Jayne Currie, Director of Membership Services , Scottish Financial Enterprise

Fortnightly financial five minutes #18 Jayne Currie

Nigel Yeates, Communications and Stakeholder Business Partner, speaks to Jayne Currie, Director of Membership Services at Scottish Financial Enterprise, about Scotland’s financial services industry and driving financial awareness.

Please can you tell our readers more about Scottish Financial Enterprise (SFE), who you represent, and your role there? 

We are the representative body for Scotland's financial services industry. In 2021 we launched Scotland’s Financial Services strategy (pdf 4.6MB) that was created in collaboration with our members. We are clear on the areas we want to drive forward as a membership and everything we do is linked to this.

We have grown steadily over the last year, going from 86 member firms this time last year to over 110 today.  Our representation across sectors is reflective of the growing industry we represent:

  • Banking
  • Asset Management
  • Wealth Management
  • Life and Pensions
  • Law
  • Accounting
  • Credit Unions
  • Data
  • Recruitment
  • Fintech

My role as Director of Membership Services is to ensure I deliver events and activities that are important to our members and helps progress our strategy. I regularly ask members for feedback to inform our events strategy and work to connect members together when I see opportunities for our members to collaborate and innovate together for the greater good of the industry, the customers we serve or communities we operate in.

You also have a Young Professionals network, please tell us more about the importance of this group.

Our young professional network is a real asset to SFE and our industry. We have over 1200 active members, with their own committee and workstreams linked to the strategic pillars we are collectively driving forward as an industry:

  • Economic Growth
  • Journey to Net Zero
  • Skills and Inclusion
  • Customer

The network has its own events programme with a focus on leadership development, expanding industry knowledge, latest innovations, and networking with peers. Most of the young professional events qualify for continuing professional development hours (CPD) and our members are provided with a personal record of events attended across the year to support performance conversations.

What is SFE doing, and what more can be done to drive financial awareness and education amongst consumers?

Across our membership a huge amount is going on – both directly to customers (for example, workplace education to pension customers) and also working with the third sector and in schools and communities. To give a few examples, many of our investment member firms are collaborating on Kickstart Money and with MyBnk to deliver financial education in primary schools; NatWest has its Money Sense programme and its Rooster Money app, Barclays delivers its Life Skills programme. Many of our members also have partnerships that use third sector expertise such as Citizens Advice, StepChange and Turn2Us to specifically work with those who are facing financial difficulties.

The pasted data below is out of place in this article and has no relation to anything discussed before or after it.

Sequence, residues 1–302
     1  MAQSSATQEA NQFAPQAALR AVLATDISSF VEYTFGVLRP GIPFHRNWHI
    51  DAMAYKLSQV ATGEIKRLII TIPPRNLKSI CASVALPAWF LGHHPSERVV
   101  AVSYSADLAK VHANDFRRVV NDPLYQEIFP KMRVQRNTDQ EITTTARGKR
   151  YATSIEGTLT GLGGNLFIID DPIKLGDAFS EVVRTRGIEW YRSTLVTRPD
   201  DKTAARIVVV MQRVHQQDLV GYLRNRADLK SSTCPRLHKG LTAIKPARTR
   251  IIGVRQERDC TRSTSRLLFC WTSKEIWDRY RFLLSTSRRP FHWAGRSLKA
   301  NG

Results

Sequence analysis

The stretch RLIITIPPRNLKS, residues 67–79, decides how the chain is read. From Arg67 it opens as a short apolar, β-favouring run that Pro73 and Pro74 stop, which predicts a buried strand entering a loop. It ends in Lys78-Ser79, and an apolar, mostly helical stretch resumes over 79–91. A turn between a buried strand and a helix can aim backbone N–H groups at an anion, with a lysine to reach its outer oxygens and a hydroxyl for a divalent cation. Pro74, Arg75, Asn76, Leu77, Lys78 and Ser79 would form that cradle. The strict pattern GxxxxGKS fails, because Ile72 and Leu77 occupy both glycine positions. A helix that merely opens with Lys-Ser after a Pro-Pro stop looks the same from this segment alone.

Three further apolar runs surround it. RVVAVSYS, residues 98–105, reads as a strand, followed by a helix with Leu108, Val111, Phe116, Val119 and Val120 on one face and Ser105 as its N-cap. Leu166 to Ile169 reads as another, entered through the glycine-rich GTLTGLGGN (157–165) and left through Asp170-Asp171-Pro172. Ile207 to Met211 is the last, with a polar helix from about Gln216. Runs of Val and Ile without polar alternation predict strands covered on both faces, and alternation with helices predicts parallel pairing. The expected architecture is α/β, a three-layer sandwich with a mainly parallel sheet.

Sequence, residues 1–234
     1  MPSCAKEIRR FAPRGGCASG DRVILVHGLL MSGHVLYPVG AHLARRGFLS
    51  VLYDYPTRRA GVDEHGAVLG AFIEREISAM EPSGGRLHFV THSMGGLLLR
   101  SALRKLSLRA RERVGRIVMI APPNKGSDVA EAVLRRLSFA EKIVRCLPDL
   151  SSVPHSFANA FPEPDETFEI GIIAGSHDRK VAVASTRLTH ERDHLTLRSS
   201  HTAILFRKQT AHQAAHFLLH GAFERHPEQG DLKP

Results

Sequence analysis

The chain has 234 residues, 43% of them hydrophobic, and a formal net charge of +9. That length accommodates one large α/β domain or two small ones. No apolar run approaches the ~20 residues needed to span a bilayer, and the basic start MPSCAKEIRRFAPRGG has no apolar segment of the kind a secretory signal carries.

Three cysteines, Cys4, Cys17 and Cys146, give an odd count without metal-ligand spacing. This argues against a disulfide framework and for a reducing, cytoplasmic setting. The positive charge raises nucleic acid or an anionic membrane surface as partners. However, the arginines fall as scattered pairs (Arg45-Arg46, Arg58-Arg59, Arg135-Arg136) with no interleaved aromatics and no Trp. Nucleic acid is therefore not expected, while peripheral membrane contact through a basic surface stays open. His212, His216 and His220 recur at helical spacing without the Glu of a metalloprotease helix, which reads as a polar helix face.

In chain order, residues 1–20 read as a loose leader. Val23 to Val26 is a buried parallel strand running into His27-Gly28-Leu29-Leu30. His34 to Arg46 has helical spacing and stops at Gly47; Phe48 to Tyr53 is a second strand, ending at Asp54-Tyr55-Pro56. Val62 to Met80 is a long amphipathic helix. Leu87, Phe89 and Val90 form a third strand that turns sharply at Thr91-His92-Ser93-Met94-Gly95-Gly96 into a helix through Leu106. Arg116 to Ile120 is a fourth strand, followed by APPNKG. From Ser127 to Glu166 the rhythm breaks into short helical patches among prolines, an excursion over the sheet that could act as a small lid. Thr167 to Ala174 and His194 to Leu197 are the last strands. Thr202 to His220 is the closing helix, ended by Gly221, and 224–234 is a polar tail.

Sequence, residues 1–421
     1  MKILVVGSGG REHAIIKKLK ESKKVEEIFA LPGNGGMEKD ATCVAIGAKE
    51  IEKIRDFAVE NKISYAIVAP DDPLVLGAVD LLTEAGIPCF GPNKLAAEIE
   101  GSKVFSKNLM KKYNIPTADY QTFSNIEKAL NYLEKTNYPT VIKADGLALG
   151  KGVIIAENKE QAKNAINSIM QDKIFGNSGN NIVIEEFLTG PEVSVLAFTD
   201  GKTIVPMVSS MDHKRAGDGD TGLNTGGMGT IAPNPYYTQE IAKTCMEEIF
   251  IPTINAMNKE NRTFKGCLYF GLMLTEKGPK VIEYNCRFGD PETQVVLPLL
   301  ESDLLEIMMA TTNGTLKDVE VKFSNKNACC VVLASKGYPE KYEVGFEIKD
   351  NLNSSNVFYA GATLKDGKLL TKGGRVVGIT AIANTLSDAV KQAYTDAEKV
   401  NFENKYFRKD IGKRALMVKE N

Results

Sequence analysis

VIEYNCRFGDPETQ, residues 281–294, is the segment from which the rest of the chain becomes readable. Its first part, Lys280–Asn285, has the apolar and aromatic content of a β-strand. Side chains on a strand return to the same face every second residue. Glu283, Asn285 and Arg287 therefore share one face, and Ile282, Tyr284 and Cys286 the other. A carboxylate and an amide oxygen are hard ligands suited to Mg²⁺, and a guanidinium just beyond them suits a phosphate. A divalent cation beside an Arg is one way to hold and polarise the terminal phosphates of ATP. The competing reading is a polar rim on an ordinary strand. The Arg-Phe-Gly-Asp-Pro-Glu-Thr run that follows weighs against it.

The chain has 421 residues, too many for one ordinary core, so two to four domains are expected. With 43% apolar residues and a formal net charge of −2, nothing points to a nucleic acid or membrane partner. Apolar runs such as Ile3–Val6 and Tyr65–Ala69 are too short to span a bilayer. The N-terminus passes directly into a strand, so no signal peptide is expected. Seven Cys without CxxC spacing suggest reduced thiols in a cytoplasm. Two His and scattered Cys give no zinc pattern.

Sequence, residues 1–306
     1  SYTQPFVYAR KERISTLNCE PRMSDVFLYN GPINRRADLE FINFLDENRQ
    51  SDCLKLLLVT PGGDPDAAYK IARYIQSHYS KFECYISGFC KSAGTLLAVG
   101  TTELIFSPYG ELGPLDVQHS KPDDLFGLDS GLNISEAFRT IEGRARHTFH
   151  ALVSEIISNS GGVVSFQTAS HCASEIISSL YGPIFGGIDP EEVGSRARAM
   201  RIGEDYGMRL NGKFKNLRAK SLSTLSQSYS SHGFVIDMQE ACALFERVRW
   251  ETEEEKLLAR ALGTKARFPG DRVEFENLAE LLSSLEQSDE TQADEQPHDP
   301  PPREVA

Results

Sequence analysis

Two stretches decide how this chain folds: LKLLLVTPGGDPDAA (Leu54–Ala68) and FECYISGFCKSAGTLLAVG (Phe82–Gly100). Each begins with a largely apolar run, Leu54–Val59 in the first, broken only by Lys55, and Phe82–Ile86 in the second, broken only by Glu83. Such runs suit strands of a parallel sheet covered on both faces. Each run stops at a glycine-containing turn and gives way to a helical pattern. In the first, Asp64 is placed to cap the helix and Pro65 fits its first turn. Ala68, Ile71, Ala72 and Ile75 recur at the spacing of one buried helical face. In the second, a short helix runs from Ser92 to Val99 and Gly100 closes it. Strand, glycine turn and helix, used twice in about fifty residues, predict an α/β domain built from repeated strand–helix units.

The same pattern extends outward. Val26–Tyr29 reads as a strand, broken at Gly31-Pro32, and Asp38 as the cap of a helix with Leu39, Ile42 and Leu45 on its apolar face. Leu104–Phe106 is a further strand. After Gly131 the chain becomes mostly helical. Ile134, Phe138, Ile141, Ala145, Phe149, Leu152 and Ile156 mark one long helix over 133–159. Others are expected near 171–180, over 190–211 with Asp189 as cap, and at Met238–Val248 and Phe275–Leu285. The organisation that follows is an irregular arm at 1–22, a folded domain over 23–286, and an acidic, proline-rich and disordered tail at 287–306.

Our role at SFE is focused on how we enable firms to share best practice, and also how we represent the sector and work with regulators and government to develop and share insight in to ‘what works’ and makes the biggest difference to people’s financial capability, based on evidence. We’re also one of the founding members of ‘Financial Inclusion for Scotland’, a cross-sector initiative looking at a range of areas to improve financial inclusion from access to affordable advice, to the use of financial technology and innovation.

How do SFE and your members view the value of FSCS to the financial services sector?

We’re hugely fortunate in the UK to have a robust and highly regarded regulatory and financial system. We know that Scotland benefits as a financial centre from the international reputation of its regulatory regime. Part of that environment is safeguards like FSCS.

It’s also important for customers to know and have clarity around what happens in the rare event that things do go wrong, and firms fail – it provides an underpin that sustains confidence in the system, as well as providing a safety net for customers impacted by failures, which is crucial for directly limiting the damage and adverse impact to their financial wellbeing.

Now, on a more personal note, if £10,000 landed in your lap tomorrow, what would you do with it?

It’s obviously tempting to just blow it on an extravagant holiday from my wish list but I’m at the stage in life where I’m trying to get the mortgage paid off so anything I can do to reduce the years left to pay has to be the priority. It is also going to be much cheaper to travel to my exotic destinations when I don’t need to pay for the teenagers too!

Thanks very much Jayne for those thoughts and we look forward to working further with Scottish Financial Enterprise.

For more information on what FSCS protects, see our What we cover page.

The content of any discussions shouldn't be taken as an indication of future FSCS policy positions. The views expressed by guests are their own and don't reflect the views of FSCS.


We would also love everyone to dedicate a regular extra five minutes to check their financial products and services are FSCS protected.